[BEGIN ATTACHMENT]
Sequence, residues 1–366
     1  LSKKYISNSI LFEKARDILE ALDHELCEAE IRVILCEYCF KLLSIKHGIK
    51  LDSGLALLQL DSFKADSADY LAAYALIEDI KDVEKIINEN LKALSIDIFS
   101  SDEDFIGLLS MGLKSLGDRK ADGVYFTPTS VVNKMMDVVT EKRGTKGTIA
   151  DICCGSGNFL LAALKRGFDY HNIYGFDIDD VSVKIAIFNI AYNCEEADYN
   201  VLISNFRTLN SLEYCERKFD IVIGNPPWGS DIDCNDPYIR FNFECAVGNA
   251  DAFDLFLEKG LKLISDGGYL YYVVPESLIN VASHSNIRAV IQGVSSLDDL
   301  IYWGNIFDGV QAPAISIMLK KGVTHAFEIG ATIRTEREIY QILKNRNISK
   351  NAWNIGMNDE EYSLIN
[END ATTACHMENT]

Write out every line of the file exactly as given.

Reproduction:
Sequence, residues 1–366
     1  LSKKYISNSI LFEKARDILE ALDHELCEAE IRVILCEYCF KLLSIKHGIK
    51  LDSGLALLQL DSFKADSADY LAAYALIEDI KDVEKIINEN LKALSIDIFS
   101  SDEDFIGLLS MGLKSLGDRK ADGVYFTPTS VVNKMMDVVT EKRGTKGTIA
   151  DICCGSGNFL LAALKRGFDY HNIYGFDIDD VSVKIAIFNI AYNCEEADYN
   201  VLISNFRTLN SLEYCERKFD IVIGNPPWGS DIDCNDPYIR FNFECAVGNA
   251  DAFDLFLEKG LKLISDGGYL YYVVPESLIN VASHSNIRAV IQGVSSLDDL
   301  IYWGNIFDGV QAPAISIMLK KGVTHAFEIG ATIRTEREIY QILKNRNISK
   351  NAWNIGMNDE EYSLIN